Another new invasive species is emerging in South Florida – a mosquito that was last officially documented in the Florida Keys 75 years ago.
Aedes scapularis has been confirmed in Miami-Dade and Broward counties, according to a new study published in the Journal of Medical Entomology by the Miami-Dade Mosquito Control Division, the Broward Mosquito Control Section, and Lawrence Reeves, an entomologist at the University of Florida, has been published.
Native to South America and the Caribbean, the mosquito was found in regularly monitored traps in Florida City and Broward County last year. The identity was confirmed through DNA sequencing last year, said Chalmers Vasquez, Miami-Dade County’s mosquito control director of research.
“This is a very aggressive mosquito that attacks people in the Everglades,” he said. This pest, the salt marsh black mosquito, can swarm visitors to Everglades National Park during certain times of the year, where large-scale mosquito control tactics such as spraying are not allowed.
Although it is a large biter, the new mosquito may be less of a threat than the Aedes aegypti with Zika and dengue, which is highly adaptable to urban areas. The Aedes scapularis don’t usually live in densely populated areas, he said.
And while the species is known to spread yellow fever, the Venezuelan equine encephalitis virus, and other human pathogens in their natural range, there is no evidence that it poses a risk to human health or animals in South Florida, Vasquez said.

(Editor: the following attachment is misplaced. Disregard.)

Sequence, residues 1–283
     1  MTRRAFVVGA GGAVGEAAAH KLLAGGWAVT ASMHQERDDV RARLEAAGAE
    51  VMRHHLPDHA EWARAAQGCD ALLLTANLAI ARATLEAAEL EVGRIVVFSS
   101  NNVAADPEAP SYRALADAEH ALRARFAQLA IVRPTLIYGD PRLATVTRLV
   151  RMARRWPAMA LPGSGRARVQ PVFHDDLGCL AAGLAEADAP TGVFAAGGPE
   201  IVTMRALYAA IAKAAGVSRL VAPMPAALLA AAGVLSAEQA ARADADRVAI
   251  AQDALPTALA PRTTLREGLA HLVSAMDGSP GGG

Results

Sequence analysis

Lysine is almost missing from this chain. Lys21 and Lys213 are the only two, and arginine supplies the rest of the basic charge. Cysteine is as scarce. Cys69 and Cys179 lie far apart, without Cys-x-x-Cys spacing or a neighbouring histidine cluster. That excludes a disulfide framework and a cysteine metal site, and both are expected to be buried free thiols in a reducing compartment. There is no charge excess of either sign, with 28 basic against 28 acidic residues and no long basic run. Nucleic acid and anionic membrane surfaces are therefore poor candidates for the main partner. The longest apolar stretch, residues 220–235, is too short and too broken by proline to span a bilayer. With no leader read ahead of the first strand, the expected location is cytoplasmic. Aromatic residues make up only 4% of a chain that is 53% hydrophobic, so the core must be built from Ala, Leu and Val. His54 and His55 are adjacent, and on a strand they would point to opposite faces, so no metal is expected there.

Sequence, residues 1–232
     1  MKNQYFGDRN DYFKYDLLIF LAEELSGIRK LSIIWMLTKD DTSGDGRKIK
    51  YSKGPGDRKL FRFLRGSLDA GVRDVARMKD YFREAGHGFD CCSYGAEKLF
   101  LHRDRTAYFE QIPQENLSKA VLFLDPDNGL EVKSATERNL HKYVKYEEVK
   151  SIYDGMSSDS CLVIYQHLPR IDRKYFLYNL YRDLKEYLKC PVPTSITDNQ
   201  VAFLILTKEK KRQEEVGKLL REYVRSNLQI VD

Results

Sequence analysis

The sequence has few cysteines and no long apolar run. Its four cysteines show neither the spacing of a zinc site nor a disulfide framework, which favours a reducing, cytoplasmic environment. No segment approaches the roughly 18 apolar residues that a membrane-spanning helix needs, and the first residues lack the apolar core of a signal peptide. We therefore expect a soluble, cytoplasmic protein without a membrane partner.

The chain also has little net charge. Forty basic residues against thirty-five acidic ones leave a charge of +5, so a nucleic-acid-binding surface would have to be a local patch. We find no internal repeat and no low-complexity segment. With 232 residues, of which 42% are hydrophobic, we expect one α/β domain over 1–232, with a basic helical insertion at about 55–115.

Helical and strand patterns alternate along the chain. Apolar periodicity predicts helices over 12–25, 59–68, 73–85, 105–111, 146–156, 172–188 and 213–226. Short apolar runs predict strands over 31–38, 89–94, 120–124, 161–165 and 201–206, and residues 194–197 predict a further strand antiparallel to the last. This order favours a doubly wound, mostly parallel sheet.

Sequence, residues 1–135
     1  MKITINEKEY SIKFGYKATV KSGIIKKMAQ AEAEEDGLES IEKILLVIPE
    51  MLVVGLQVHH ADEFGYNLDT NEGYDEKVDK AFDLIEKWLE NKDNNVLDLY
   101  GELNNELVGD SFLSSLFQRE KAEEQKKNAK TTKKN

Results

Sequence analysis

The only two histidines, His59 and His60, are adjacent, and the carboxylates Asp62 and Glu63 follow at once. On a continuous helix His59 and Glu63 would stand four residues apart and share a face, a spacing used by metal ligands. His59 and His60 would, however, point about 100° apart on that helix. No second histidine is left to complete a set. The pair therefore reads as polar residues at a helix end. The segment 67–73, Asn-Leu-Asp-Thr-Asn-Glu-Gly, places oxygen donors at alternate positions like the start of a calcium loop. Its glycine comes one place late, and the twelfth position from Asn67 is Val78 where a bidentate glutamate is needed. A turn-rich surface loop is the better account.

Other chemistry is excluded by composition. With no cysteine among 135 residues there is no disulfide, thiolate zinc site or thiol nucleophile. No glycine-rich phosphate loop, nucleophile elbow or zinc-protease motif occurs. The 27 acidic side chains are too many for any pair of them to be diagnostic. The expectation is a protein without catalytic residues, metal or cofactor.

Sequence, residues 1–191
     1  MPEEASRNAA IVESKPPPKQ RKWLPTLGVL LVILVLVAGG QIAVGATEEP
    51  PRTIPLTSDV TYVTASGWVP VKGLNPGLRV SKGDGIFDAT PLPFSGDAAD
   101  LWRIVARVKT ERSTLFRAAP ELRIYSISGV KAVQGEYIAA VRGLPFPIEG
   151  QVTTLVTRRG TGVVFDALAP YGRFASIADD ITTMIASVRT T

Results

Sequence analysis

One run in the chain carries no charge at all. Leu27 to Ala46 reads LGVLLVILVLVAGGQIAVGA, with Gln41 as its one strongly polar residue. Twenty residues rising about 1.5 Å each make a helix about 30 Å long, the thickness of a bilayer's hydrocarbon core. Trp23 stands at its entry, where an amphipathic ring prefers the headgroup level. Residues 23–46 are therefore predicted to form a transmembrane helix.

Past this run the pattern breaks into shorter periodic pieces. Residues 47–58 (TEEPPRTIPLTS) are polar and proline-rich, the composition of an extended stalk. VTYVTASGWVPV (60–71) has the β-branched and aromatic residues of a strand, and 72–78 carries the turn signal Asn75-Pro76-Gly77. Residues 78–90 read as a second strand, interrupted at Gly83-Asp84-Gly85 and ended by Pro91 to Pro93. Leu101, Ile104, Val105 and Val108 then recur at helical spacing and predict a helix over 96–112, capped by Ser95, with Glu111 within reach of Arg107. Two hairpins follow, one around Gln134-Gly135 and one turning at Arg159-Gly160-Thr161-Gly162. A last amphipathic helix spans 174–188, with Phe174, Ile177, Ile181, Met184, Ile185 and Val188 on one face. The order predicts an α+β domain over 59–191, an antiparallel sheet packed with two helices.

“This species is not very well established so we haven’t seen any cases of disease transmission. But we will keep an eye on it as we do with other mosquitoes that live here,” he said. Miami-Dade monitors more than 320 mosquito traps across the county to analyze species and distribution in different areas.
Health officials reported more than 60 locally transmitted cases of West Nile virus last year after heavy rains caused mosquito populations to explode. West Nile is mainly transmitted by the southern house mosquito and other Culex species.
The confirmation of a new mistake calling South Florida home is another reminder that Miami-Dade is a gateway for invasive species. Scientists will now observe how far the aedes scapularis will spread. The only time it was confirmed in Florida was in 1945 when three larval samples were collected in the Florida Keys.
“The Florida Strait was likely a geographic barrier to the species, and now that it has crossed that barrier, Aedes scapularis could potentially spread further north and west to fill any contiguous areas suitable for the environment” Reeves told Entomology Today.
Of Florida’s 16 established non-native mosquitoes, 13 were discovered in the state for the first time since 1985 and 10 for the first time since 2000, Reeves said. “To speculate, there is a possibility that recent trends in climate, trade, and / or human movement are encouraging non-native mosquitoes in Florida, and our detection of Aedes scapularis is part of that trend,” he said.